The largest source of M. tuberculosis transmission is the contagious patients with respiratory tuberculosis not yet diagnosed and put on treatment. Therefore, tuberculosis infection control (TB IC) relies, above all, on:
– Early diagnosis (including in clinics and any non-tuberculosis medical wards, whereby active case finding through cough surveillance of all admissions should avoid days or weeks of transmission from unsuspected TB cases);
– Prompt implementation of effective treatment. With effective treatment, contagiousness decreases even after a few days and may be considered nil after 2 to 3 weeks of treatment1,2,3,4. It is essential the treatment is “effective,” as multidrug-resistant TB (MDR-TB) patients that are placed on first-line anti-TB drugs are likely to remain contagious.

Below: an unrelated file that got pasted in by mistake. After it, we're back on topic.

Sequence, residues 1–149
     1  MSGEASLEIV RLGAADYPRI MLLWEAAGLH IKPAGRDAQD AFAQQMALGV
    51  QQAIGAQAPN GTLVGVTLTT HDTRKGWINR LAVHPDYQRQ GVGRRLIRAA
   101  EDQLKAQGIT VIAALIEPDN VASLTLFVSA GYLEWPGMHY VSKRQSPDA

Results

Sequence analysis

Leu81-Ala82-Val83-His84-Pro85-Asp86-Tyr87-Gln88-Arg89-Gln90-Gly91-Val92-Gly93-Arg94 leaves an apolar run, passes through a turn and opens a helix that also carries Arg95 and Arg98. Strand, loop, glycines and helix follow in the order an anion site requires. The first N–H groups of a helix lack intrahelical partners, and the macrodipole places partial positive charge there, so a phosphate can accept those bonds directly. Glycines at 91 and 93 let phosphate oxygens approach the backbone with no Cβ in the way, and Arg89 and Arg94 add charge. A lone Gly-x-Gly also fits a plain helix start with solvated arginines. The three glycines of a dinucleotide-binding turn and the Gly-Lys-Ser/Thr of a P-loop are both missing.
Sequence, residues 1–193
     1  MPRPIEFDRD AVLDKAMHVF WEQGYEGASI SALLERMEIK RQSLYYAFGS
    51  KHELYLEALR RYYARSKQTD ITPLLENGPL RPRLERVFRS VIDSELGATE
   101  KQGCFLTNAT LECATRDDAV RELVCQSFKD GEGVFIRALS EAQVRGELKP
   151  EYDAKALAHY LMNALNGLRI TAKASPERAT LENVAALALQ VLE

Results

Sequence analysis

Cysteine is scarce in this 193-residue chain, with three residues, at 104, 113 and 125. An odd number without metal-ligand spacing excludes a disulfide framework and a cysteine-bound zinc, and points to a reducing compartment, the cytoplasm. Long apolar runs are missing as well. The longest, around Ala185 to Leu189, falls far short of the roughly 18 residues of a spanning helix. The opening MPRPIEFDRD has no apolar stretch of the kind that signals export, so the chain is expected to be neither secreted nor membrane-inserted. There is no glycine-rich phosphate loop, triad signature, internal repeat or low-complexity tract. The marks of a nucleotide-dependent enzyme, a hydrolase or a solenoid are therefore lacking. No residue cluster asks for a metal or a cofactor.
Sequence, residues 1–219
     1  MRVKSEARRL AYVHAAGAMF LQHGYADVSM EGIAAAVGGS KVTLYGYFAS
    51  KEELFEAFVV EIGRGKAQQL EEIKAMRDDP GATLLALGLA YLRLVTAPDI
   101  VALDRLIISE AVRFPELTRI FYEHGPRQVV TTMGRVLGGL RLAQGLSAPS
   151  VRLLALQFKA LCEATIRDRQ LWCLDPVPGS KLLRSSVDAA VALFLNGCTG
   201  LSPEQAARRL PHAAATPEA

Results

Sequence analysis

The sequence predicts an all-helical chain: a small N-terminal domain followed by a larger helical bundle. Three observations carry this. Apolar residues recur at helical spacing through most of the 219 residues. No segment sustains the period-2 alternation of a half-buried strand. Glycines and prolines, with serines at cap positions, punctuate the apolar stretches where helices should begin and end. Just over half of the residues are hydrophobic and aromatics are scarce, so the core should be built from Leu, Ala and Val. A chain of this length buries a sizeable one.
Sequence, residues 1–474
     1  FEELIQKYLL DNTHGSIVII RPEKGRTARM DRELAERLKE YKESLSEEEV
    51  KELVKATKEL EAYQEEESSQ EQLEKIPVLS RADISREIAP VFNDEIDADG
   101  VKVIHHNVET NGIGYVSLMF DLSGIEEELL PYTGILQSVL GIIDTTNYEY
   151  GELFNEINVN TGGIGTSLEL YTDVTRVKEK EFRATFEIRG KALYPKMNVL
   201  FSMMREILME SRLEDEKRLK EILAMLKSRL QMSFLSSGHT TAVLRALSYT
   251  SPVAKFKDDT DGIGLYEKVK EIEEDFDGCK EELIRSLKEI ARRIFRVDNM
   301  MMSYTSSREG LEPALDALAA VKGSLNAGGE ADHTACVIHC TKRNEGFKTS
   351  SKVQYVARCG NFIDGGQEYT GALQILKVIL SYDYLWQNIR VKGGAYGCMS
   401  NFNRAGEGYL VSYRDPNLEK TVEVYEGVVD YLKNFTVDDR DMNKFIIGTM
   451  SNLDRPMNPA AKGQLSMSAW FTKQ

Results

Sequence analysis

However, in health care facilities where TB patients or persons suspected of having TB congregate, additional measures are needed to reduce the risk of transmission between patients, to health care staff and to vulnerable (particularly immunocompromised) patients/visitors5.
TB infection control (IC)1 consists in different strategies for preventing transmission of TB in health care facilities.
This chapter reviews the basic TB IC strategies. More in depth information can be found from the Tuberculosis Coalition for Technical Assistance which has published a framework and developed a website (http://www.tbcta.org/Library ) that provides a comprehensive set of examples.